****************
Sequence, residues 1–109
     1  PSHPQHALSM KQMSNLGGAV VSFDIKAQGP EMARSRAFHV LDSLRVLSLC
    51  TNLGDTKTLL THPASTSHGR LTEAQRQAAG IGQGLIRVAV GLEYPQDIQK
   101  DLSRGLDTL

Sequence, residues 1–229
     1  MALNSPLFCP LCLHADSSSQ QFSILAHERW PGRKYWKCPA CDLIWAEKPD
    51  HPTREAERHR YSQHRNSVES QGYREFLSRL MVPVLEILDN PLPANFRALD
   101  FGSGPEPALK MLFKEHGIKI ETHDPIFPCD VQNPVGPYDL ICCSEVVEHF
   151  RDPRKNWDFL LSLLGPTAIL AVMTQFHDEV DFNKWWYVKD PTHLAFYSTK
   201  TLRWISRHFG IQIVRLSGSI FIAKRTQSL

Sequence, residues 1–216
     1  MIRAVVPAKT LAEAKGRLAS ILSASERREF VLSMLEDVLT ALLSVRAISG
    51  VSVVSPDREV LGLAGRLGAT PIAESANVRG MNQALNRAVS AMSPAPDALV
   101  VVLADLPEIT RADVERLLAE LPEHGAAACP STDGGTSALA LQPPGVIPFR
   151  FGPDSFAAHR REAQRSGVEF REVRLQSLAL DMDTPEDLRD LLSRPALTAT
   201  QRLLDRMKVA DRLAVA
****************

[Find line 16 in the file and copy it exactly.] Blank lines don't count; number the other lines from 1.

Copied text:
   201  QRLLDRMKVA DRLAVA